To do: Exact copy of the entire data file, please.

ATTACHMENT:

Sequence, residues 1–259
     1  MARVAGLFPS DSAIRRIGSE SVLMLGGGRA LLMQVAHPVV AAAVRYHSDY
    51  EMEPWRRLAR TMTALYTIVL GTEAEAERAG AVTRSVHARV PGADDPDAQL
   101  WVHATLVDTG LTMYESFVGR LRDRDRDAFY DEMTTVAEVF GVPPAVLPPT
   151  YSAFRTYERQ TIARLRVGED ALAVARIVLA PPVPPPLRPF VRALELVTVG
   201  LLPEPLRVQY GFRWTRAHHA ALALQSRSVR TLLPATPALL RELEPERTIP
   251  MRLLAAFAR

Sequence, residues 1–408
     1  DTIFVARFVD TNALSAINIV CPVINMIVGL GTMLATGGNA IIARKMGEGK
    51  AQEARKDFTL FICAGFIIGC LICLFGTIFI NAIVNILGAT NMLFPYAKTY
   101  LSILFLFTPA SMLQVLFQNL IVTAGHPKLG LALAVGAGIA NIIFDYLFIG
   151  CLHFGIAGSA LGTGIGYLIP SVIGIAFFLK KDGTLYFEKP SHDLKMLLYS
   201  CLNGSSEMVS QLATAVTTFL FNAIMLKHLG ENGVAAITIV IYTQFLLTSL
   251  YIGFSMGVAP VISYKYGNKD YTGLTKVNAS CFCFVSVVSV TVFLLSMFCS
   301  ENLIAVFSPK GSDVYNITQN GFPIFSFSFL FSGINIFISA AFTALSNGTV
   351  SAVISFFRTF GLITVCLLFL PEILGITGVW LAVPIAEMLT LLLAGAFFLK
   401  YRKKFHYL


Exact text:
Sequence, residues 1–259
     1  MARVAGLFPS DSAIRRIGSE SVLMLGGGRA LLMQVAHPVV AAAVRYHSDY
    51  EMEPWRRLAR TMTALYTIVL GTEAEAERAG AVTRSVHARV PGADDPDAQL
   101  WVHATLVDTG LTMYESFVGR LRDRDRDAFY DEMTTVAEVF GVPPAVLPPT
   151  YSAFRTYERQ TIARLRVGED ALAVARIVLA PPVPPPLRPF VRALELVTVG
   201  LLPEPLRVQY GFRWTRAHHA ALALQSRSVR TLLPATPALL RELEPERTIP
   251  MRLLAAFAR

Sequence, residues 1–408
     1  DTIFVARFVD TNALSAINIV CPVINMIVGL GTMLATGGNA IIARKMGEGK
    51  AQEARKDFTL FICAGFIIGC LICLFGTIFI NAIVNILGAT NMLFPYAKTY
   101  LSILFLFTPA SMLQVLFQNL IVTAGHPKLG LALAVGAGIA NIIFDYLFIG
   151  CLHFGIAGSA LGTGIGYLIP SVIGIAFFLK KDGTLYFEKP SHDLKMLLYS
   201  CLNGSSEMVS QLATAVTTFL FNAIMLKHLG ENGVAAITIV IYTQFLLTSL
   251  YIGFSMGVAP VISYKYGNKD YTGLTKVNAS CFCFVSVVSV TVFLLSMFCS
   301  ENLIAVFSPK GSDVYNITQN GFPIFSFSFL FSGINIFISA AFTALSNGTV
   351  SAVISFFRTF GLITVCLLFL PEILGITGVW LAVPIAEMLT LLLAGAFFLK
   401  YRKKFHYL